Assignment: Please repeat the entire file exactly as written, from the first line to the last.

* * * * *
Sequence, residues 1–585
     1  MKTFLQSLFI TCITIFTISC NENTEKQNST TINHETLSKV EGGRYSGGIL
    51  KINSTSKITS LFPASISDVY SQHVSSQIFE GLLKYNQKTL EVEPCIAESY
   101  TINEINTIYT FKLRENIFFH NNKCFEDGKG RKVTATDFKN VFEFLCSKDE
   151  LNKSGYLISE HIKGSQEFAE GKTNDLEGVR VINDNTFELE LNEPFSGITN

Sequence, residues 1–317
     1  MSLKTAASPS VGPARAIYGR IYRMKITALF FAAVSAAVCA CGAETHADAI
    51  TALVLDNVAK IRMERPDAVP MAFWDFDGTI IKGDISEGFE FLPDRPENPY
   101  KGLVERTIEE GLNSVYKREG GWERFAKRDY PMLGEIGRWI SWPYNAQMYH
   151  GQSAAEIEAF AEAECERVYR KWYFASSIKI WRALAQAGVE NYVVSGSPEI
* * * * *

Sequence, residues 1–585
     1  MKTFLQSLFI TCITIFTISC NENTEKQNST TINHETLSKV EGGRYSGGIL
    51  KINSTSKITS LFPASISDVY SQHVSSQIFE GLLKYNQKTL EVEPCIAESY
   101  TINEINTIYT FKLRENIFFH NNKCFEDGKG RKVTATDFKN VFEFLCSKDE
   151  LNKSGYLISE HIKGSQEFAE GKTNDLEGVR VINDNTFELE LNEPFSGITN

Sequence, residues 1–317
     1  MSLKTAASPS VGPARAIYGR IYRMKITALF FAAVSAAVCA CGAETHADAI
    51  TALVLDNVAK IRMERPDAVP MAFWDFDGTI IKGDISEGFE FLPDRPENPY
   101  KGLVERTIEE GLNSVYKREG GWERFAKRDY PMLGEIGRWI SWPYNAQMYH
   151  GQSAAEIEAF AEAECERVYR KWYFASSIKI WRALAQAGVE NYVVSGSPEI